André De Cacqueray's Louis XVth-inspired bedroom in London
Nicholas Haslam: good with chintz or with fur and skins
David Collins's glamorous bedroom for Madonna
A uniquely presented "directory" of Britain's leading interior designers was recently published by Carolynne Murphy, a journalist and writer covering design. Interior Elite offers a collection of portfolios of 40 of England’s top design practitioners offering up a broad array of styles—from a traditional bedroom with chintz wallpaper (above right) to fashion designers Dolce and Gabbana's villa in Milan, with its zebra-print dining room (below right).
Murphy wanted the book to serve as a showcase for the designers so she asked them to choose their own pictures, which have been presented in a very artsy manner, some spanning two pages, others arranged four or six to a page. Her in-depth profiles would help any potential client decide which personality is going to be invited in to redo the house.
The book includes the established crowd, such as David Mlinaric, Kelly Hoppen, Nina Campbell, Jane Churchill and Nicholas Haslam, and lesser-known design experts. Mlinaric, the most prestigious in England, focused his images on the restoration of Spencer House, a historic London residence, and David Collins shows us what he did to Madonna's bedroom (left), done to excess with a pink shag rug and white furniture and recalling the glamour of old Hollywood.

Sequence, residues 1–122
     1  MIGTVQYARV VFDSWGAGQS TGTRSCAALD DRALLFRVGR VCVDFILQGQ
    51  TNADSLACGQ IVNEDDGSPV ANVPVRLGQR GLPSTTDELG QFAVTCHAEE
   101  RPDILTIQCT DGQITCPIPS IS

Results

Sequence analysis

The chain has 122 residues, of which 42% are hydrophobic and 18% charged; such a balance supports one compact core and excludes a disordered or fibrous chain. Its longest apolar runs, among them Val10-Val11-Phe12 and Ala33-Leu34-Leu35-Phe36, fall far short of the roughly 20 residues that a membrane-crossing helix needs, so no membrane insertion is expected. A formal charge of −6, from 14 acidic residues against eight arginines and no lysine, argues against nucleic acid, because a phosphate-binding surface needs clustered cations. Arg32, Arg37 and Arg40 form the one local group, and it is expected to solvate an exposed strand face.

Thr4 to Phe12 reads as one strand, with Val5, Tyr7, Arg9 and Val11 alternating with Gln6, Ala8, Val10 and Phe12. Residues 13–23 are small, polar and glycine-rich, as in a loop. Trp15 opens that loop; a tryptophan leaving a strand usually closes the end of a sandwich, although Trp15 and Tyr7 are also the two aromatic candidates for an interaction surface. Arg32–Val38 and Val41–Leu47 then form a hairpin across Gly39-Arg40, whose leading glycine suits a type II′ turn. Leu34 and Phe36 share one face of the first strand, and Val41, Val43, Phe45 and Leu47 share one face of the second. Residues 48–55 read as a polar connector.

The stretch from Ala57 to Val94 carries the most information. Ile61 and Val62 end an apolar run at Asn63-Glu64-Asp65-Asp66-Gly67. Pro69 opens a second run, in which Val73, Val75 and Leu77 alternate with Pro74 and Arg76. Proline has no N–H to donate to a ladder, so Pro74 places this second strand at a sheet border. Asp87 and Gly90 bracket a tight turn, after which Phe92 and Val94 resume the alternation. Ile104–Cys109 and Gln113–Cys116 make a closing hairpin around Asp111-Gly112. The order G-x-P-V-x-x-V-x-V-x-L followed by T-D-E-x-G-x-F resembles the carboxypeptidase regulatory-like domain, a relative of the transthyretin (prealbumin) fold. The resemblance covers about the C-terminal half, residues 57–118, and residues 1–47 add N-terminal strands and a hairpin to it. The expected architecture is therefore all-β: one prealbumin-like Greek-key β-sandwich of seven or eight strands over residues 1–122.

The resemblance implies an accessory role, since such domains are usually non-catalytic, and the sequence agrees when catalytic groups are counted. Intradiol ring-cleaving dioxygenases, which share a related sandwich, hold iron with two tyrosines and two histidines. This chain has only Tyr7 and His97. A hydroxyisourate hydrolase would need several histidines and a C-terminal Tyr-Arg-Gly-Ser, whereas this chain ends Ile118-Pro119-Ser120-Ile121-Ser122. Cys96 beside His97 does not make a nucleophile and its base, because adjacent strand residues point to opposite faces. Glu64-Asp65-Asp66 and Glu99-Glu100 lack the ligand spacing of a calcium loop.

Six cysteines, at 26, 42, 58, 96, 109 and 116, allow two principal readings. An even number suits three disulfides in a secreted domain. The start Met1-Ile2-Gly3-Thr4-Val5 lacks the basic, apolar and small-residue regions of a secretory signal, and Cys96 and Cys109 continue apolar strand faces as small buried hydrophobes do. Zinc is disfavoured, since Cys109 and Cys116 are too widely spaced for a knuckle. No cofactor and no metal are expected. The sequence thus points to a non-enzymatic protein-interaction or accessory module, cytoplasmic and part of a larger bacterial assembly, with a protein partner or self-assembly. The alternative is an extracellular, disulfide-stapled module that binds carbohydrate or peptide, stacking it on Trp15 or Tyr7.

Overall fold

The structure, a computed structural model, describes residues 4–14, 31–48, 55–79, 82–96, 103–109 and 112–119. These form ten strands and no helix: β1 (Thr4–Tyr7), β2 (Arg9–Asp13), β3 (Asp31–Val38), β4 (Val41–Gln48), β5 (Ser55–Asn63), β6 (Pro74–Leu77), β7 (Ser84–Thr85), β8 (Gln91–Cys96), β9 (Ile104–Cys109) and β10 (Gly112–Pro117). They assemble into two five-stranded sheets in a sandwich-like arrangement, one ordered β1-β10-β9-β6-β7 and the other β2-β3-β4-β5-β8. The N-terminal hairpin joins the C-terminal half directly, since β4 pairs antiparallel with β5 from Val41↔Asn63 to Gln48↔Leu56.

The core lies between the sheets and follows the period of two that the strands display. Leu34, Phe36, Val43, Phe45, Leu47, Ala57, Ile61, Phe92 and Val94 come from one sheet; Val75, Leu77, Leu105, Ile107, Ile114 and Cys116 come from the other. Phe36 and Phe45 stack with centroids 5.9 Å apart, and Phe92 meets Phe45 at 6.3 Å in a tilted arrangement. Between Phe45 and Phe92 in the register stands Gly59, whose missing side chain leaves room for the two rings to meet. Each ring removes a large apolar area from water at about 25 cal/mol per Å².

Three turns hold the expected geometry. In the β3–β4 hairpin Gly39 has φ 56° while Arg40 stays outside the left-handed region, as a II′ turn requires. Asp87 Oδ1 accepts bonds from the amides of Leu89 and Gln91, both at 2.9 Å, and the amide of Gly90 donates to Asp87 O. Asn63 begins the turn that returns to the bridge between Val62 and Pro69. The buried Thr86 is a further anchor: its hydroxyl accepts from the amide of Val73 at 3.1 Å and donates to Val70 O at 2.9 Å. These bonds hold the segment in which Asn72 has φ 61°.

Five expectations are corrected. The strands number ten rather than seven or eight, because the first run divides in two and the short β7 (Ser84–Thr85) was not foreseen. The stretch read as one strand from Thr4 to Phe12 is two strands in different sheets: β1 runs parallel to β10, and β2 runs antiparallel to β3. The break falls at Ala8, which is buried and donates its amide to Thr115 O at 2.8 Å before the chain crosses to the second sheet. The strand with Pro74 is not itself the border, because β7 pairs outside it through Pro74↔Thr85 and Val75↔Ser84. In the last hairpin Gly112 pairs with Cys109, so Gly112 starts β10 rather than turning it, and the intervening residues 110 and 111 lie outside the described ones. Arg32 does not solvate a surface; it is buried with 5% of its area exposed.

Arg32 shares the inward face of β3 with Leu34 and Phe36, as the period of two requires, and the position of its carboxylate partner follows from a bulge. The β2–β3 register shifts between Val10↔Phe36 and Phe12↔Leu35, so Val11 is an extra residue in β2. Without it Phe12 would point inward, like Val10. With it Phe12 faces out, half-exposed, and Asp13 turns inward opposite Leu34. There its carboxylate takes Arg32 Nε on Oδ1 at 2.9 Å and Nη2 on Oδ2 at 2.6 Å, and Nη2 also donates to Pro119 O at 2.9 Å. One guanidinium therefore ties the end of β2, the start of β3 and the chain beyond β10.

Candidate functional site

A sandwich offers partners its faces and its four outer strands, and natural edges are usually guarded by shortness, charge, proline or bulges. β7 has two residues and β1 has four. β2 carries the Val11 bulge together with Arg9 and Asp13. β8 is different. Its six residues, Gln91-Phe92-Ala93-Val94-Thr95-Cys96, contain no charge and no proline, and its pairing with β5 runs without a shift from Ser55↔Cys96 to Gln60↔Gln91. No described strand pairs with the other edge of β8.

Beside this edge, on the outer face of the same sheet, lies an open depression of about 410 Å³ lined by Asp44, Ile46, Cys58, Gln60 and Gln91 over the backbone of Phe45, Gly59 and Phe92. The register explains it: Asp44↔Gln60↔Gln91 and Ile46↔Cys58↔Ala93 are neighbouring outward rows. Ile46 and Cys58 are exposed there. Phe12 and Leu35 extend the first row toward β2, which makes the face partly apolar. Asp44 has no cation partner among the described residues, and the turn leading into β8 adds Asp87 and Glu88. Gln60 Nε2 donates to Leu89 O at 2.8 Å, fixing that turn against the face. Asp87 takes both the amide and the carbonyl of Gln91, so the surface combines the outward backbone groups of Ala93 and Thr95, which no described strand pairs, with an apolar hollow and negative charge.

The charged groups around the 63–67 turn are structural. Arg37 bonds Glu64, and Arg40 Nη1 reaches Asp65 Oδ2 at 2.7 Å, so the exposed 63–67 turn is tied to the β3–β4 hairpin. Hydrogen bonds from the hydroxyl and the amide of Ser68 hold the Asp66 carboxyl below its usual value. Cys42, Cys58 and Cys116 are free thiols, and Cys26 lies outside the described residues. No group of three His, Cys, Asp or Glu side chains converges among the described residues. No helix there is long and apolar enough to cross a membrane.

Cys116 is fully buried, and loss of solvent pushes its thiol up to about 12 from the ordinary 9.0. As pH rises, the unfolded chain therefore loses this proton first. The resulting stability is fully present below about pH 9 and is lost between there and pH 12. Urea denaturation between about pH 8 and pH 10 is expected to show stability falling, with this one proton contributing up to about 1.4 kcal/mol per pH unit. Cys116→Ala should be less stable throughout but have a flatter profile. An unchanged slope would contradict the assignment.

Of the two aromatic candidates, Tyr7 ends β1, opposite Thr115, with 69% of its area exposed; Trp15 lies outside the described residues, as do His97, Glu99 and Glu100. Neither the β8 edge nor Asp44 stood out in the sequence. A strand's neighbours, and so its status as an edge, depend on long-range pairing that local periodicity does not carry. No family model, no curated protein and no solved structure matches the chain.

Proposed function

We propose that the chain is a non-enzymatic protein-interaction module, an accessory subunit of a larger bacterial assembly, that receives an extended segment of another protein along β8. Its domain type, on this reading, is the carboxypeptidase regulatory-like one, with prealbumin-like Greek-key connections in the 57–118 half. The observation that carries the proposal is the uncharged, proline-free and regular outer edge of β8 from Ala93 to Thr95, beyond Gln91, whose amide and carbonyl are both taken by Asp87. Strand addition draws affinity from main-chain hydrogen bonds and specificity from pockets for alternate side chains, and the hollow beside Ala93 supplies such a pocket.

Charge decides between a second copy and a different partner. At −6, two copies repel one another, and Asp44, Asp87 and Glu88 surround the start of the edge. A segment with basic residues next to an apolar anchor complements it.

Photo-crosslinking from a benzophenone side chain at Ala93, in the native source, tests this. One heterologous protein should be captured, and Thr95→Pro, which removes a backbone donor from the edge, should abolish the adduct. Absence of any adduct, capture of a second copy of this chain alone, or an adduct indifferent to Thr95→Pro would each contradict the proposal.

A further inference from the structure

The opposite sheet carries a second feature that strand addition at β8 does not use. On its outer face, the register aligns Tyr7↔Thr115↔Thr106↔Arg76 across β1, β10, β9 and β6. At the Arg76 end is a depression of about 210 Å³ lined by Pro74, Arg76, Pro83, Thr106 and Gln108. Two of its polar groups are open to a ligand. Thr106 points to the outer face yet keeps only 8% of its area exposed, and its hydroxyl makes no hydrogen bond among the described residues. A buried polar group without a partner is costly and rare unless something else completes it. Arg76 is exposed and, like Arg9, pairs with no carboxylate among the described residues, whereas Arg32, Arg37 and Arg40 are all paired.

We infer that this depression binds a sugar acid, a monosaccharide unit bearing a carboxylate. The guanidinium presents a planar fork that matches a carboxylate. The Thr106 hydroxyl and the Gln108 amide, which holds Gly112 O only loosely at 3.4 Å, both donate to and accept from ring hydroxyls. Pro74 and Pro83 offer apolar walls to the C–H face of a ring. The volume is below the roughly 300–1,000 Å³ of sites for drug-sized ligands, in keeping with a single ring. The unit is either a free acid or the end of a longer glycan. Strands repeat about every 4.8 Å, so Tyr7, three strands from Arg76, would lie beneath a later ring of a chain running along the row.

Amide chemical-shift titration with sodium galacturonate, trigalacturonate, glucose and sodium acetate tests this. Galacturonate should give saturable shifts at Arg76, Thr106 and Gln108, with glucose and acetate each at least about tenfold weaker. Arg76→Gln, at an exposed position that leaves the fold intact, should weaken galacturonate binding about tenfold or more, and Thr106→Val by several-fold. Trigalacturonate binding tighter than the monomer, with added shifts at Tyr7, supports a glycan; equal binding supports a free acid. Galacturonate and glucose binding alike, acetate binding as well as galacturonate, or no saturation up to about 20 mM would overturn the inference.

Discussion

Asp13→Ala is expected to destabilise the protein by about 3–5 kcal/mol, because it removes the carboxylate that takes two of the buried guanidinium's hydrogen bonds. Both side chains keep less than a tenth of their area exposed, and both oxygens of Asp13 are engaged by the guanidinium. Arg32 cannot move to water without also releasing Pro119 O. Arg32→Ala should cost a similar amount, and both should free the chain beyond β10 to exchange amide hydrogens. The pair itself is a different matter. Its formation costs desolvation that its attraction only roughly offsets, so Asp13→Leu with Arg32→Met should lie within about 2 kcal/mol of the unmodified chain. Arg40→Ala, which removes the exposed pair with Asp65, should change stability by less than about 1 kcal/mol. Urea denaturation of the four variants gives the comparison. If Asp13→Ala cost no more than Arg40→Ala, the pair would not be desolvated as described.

Nicholas Haslam, in a traditional mode
Dolce and Gabbana's dining room in Milan
The World of Biedermeier
Biedermeier was the name of a German cartoon character that embodied the characteristics of simplicity, frugality and order so admired by the German bourgeois of the early 19th century, and when the wealthy middle class rebelled against the ostentatious tastes of the aristocracy Biedermeier became the appellation for furniture that was simple, elegant and honest. A handful of antiques dealers in the United States specialize in Biedermeier furniture; one of them is New Yorker Karl Kemp, who this month introduces a book, The World of Biedermeier, with interior designer/author Linda Chase.
Beginning with a short, interesting history of the period, the book delves into the collections at the Hofmobiliendepot (the Imperial Furniture Collection) in Vienna, the Geymullerschloss Palace in Austria and private collections in the United States. Chase describes her visit to the Hofmobiliendepot as a “Kafkaesque adventure” in which she walked along an army of bedside tables, a forest of coat racks, a pyramid of busts and an avenue of 30,000 chairs. The museum’s collection of 163,000 pieces of 19th-century German furniture and decorative objects, many of which appear for the first time ever in the book’s large-format 416 pages, is the biggest in the world.
Photographer Lois Lammerhuber shot many of the pictures with an artistic purpose in mind—something that’s easy to do with Biedermeier because the silhouettes of the furniture are curvy and the wood graining is dramatic.